from The American Heritage® Dictionary of the English Language, 4th Edition
- A country of southwest Asia on the Mediterranean Sea. The site of ancient Phoenicia, the region was gradually absorbed by the Persian Empire and later conquered by Alexander the Great. Eventually it came under Roman control and was Christianized before the Arab conquest of the 7th century. Part of the Ottoman Empire from the early 16th century, Lebanon became a French League of Nations mandate after World War I and proclaimed its independence in 1941, although full self-government was not achieved until 1945. Tensions between Christians and Muslims led (1975) to civil war, which finally came to an end in 1991. Beirut is the capital and the largest city. Population: 3,930,000.
from Wiktionary, Creative Commons Attribution/Share-Alike License
- proper n. Country in the Middle East. Official name: Republic of Lebanon. Also (especially formerly) known as "the Lebanon".
from WordNet 3.0 Copyright 2006 by Princeton University. All rights reserved.
- n. an Asian republic at east end of Mediterranean
Sorry, no etymologies found.
LEBANON BOROUGH — The Lebanon Borough Municipal building was evacuated this morning after several children and adults at a summer program felt ill from a strong odor, a Lebanon school official said.
LEBANON of all places--the author seems to believe that all groups that did not oppose Syrian military presence in Lebanon should be excluded from the political process.
LEBANON - August 30 - Lebanon promises money for houses.
SUPPORTING LEBANON In Lebanon, we will continue our support for democracy, respect for sovereignty, and the will of the people.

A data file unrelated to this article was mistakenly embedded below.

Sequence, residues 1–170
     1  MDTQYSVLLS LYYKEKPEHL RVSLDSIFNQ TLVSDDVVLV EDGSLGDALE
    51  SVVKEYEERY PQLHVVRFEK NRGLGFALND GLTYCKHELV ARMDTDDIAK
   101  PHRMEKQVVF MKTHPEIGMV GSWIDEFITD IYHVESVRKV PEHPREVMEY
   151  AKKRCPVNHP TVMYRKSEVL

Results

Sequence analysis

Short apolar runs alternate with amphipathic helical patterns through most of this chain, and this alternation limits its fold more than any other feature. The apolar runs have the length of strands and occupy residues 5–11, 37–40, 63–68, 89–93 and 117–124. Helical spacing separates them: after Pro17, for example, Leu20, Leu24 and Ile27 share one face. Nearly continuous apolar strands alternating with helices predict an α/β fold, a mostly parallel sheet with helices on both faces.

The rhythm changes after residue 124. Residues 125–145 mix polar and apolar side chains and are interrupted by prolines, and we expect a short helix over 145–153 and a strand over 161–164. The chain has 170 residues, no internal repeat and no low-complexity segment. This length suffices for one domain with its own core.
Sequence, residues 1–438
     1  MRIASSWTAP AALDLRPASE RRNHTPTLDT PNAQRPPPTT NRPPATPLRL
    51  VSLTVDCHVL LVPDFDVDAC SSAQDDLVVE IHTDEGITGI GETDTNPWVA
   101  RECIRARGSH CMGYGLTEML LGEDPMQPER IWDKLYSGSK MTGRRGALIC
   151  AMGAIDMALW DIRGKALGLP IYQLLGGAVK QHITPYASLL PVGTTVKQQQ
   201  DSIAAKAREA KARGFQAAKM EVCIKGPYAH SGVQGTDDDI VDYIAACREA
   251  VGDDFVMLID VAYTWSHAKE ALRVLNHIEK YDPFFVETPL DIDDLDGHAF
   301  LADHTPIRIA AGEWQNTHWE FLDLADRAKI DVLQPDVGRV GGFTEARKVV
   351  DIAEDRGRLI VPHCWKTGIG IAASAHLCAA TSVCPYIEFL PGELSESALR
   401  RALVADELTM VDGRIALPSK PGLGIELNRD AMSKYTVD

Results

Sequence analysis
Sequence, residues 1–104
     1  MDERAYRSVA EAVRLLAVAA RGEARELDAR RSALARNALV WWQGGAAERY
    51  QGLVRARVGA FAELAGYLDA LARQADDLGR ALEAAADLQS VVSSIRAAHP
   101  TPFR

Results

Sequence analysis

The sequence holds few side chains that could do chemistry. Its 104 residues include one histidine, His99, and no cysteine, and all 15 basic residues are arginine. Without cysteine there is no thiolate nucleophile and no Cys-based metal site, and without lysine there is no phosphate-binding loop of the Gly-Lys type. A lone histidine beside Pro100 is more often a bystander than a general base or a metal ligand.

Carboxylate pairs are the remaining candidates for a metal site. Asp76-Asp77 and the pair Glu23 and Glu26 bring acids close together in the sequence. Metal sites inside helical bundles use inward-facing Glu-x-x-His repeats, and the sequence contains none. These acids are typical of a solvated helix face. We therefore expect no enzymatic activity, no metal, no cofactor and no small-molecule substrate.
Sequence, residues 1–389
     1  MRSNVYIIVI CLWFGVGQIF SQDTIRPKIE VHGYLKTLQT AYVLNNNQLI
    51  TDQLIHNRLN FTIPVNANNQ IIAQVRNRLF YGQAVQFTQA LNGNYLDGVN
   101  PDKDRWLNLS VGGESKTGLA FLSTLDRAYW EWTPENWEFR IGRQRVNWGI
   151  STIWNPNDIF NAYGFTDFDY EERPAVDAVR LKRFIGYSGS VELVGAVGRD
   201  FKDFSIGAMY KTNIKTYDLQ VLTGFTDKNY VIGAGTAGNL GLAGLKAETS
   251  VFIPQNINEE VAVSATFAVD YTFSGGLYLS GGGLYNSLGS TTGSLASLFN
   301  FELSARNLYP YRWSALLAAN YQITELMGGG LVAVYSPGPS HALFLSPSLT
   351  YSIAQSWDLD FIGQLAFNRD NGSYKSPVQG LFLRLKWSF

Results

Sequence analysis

A LIGHT AT THE END OF THE TUNNEL IN LEBANON yahooBuzzArticleHeadline = 'A LIGHT AT THE END OF THE TUNNEL IN LEBANON '; yahooBuzzArticleSummary =' Article: The light at the end of the tunnel in Lebanon is a lone voice raised from a Jew whose parents escaped the Holocaust in 1938 and now rightfully asks, along with thousands of other Jews ~ Why doesn\'t Israel work for peace? '
FOUAD SINIORA, PRIME MINISTER, LEBANON: Well, I can say the gates of hell have been opened on Lebanon.
FUAD SINIORA, PRIME MINISTER OF LEBANON: The more we delay the cease-fire, the more we are going to witness more are being killed, more destruction, and more aggression against the civilians in Lebanon.
MAYSSAM ZAAROURA, EDITOR, "LEBANON DAILY STAR": The fact that the Secretary-General got that promise from the Syrian president is a huge deal for us here in Lebanon.
FUAD SINIORA, PRIME MINISTER OF LEBANON: Lebanon should not really be dealt this way.
FUAD SINIORA, PRIME MINISTER OF LEBANON: We have a problem at our hands now in Lebanon.